Let’s preface this with I’m drunk as FUCK. Like, I’m so drunk, I might actually go swimming or something and enjoy myself, and I don’t actually know how to swim. At all. Hell, for all I know, I might be hydrophobic!
So, I just found out that you can have 50+ levels in P4A’s netcode. What the fuck does that mean? It means you’ve been playing entirely too much.
Now, let’s back up. Let’s address something that’s plagued me for years. I’ve, for the longest time in my Starcraft years, refused to stick with one specific build–instead, I used a build order that I could web into a variety of different builds. An instance of this that at least a few people would be able to understand is the protossian 4-gate in Starcraft 2–it started as one specific all-in build that wound up expanding to 4-gate double-robo and all sorts of other strategies. “But Travis! That only makes sense! Why would you play a video game where you’d gamble it all on your strategy?!”
Let’s talk about Persona real quick (by which I mean, for the rest of the entry), because a lot of people don’t understand what I mean by “learn neutral game as one character.” Let’s back up and analyze this sentiment from one specific angle:
You LOVE this game. You loved Persona 4, and you loved the anime, and if there was anything you loved more (and we’ll take my experience from this), it was the confusion about your future that was paralleled by Yukiko. I MEAN YOU’RE A WHITE SLIGHTLY-LESS-THAN-HETEROSEXUAL WHITE MALE YOU HAVE LITERALLY NOTHING TO COMPLAIN ABOUT SIT DOWN YOU FUCKING CISPRIV NERD
So you pick up Yukiko. I know a lot of my readers don’t actually play this game competitively, so I’ll break it down further.
Yukiko has normals where she just straight-up throws fans. They move about a third as fast as the equivalent of P4A’s hadouken, and hit maybe half as hard. The big thing is, she can zone you out by tossing them at really odd angles. She also has a really good mid-to-fullscreen game using her persona, who can attack at weird angles and has long lasting attacks, meaning that during the attack, you can still run or jump or hide or climb trees.
If you recall my schema on how to pick a main, many people will either pick their waifus or pick characters based off of who they can beat their friends with. Yukiko falls into either category because she’s both a waifu AND really easy to beat your friends with, and that’s a double-edged sword.
She’ll win you some games and make you feel warm and fuzzy inside, but she lacks the neutral-game tools that other characters have. The issue with that is, if you want to get good at fighting games, you need to learn what those tools are, and how they work. I make the joke to pick top-tier if you want to compete at a game. It’s less humorous than I make it.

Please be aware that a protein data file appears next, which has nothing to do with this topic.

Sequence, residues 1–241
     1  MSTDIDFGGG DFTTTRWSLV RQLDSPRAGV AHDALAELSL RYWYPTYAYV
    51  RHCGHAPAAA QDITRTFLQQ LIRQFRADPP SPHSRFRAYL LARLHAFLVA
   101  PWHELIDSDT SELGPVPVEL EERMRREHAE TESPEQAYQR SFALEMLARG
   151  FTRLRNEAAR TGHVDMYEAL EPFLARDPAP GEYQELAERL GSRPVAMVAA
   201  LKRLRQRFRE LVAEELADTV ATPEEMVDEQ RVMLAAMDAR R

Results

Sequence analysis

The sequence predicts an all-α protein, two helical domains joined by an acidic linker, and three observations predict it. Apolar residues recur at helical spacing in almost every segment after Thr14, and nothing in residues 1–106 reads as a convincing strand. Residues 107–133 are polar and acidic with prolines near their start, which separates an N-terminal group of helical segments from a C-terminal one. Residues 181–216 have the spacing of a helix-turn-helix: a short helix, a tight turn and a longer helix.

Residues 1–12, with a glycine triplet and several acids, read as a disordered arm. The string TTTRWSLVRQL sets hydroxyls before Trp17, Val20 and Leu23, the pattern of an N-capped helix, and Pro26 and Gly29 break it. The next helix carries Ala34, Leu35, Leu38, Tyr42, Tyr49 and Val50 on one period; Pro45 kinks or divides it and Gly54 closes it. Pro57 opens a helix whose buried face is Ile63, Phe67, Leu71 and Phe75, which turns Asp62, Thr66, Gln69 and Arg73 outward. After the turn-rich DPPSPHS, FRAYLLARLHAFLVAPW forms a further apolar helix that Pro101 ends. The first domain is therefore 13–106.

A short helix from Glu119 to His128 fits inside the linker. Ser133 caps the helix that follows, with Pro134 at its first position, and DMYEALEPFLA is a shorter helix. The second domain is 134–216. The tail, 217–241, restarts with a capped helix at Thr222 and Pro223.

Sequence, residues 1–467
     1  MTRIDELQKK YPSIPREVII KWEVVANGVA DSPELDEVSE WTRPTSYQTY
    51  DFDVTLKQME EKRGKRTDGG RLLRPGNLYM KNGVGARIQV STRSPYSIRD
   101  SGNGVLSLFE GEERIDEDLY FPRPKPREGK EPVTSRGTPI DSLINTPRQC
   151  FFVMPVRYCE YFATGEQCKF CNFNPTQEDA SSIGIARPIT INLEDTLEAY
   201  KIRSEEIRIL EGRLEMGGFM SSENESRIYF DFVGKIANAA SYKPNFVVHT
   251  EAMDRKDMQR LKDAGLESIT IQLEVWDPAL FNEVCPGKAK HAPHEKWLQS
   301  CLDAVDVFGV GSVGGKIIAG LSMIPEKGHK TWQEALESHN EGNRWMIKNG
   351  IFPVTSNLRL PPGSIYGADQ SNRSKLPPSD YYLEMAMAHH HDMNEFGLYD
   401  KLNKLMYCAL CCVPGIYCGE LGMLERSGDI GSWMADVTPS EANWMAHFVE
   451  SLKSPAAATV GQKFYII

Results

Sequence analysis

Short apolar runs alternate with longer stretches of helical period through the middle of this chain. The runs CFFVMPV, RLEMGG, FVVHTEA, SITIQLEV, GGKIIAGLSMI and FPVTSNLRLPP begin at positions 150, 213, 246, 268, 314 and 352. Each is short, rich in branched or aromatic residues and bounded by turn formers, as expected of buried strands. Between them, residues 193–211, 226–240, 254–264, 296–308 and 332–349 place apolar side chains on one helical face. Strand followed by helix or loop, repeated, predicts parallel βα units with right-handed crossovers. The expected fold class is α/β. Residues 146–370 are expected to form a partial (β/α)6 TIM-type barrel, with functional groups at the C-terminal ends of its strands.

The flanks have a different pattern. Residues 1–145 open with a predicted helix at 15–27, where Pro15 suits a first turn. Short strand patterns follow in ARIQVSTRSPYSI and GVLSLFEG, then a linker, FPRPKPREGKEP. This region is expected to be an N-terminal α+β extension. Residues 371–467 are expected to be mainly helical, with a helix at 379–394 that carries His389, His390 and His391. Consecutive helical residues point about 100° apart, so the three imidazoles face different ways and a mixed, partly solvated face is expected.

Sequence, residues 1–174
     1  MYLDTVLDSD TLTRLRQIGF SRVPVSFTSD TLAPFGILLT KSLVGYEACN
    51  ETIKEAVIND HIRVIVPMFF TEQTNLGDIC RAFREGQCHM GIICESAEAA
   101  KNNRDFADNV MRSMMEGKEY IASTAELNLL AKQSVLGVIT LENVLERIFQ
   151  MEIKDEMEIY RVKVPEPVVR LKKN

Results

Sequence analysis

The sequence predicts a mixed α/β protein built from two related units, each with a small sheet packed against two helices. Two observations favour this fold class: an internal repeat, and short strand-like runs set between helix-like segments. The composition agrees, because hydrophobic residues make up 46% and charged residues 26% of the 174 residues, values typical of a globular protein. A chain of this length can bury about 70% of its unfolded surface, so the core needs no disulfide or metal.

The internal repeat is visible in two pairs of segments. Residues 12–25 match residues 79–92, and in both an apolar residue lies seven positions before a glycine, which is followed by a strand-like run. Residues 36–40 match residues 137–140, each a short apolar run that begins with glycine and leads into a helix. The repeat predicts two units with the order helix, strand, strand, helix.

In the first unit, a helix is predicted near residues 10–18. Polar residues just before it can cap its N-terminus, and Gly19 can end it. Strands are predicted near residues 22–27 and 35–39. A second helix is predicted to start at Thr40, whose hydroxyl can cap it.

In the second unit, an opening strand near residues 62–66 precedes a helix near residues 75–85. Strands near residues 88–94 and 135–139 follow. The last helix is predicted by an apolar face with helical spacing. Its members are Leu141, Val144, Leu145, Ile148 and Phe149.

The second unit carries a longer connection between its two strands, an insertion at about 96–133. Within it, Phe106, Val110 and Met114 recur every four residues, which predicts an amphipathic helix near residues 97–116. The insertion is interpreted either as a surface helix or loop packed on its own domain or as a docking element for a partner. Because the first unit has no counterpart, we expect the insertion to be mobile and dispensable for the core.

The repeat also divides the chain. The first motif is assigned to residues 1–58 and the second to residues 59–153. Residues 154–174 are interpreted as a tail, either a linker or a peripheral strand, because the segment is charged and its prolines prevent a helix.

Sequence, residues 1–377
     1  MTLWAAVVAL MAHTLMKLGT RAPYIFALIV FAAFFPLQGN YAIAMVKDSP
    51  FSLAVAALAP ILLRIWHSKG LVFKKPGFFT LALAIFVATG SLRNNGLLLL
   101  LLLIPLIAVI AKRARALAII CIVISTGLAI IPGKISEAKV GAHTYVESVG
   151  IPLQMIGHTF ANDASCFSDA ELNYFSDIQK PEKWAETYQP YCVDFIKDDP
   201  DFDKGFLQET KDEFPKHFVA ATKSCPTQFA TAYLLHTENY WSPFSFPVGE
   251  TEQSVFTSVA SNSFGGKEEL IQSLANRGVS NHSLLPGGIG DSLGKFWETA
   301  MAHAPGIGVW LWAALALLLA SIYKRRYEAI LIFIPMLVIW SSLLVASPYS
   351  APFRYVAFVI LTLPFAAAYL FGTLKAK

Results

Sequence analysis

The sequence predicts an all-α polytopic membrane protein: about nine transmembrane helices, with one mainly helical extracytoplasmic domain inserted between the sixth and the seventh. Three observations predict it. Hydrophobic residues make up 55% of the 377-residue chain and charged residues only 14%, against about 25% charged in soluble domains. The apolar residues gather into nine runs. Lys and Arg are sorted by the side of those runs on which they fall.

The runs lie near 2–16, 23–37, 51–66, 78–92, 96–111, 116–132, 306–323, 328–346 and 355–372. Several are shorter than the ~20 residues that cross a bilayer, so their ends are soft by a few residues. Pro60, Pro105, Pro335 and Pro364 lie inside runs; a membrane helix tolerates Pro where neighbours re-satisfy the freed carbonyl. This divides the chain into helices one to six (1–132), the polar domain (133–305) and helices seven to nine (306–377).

Now, where picking her versus picking Yu is a bit of a bad idea, if you really want to learn a game, playing random is probably the dumbest thing I can think of. Some will argue, “well, learning the tools of all the characters will benefit me in the future!” and that’s cool, but the issue is, those tools won’t fully be realized until time is spent playing that character in, say, Training Mode. If you can figure out that you can orgia-dash cancel Aigis’ sweep on your own, then you can tell me that you’ll benefit from playing random.
Oh, you’ll learn how to deal with matchups, regardless. For instance, I’ve known–since my Yukiko days–that Labrys can’t cancel her sweep into anything but Guillotine Axe, so block low, block high. I didn’t need to play Labrys to figure that out, and that’s the best counter argument I can muster against the “play random” lifestyle. Meanwhile, you won’t learn that sweep>Guillotine Axe can go into Raging Bull>burst>Guillotine Axe>Raging Bull. Congratulations, you’ll never know how to maximize damage off of it, but you will learn how to avoid getting that maximum damage.
Even if your main sucks, learning that character is vital to your development in fighting games. Learning combos past basic combos will teach you enders and how to look for enders, and that will teach you to convert into damage off of confirms. It’ll teach you how to properly use mobility options beyond what’s available for everyone. There’s a great deal of water under the surface of fighters; people just need to figure out how to get to it.
I finished this entry like two weeks ago, but forgot to post it. I’m dumb.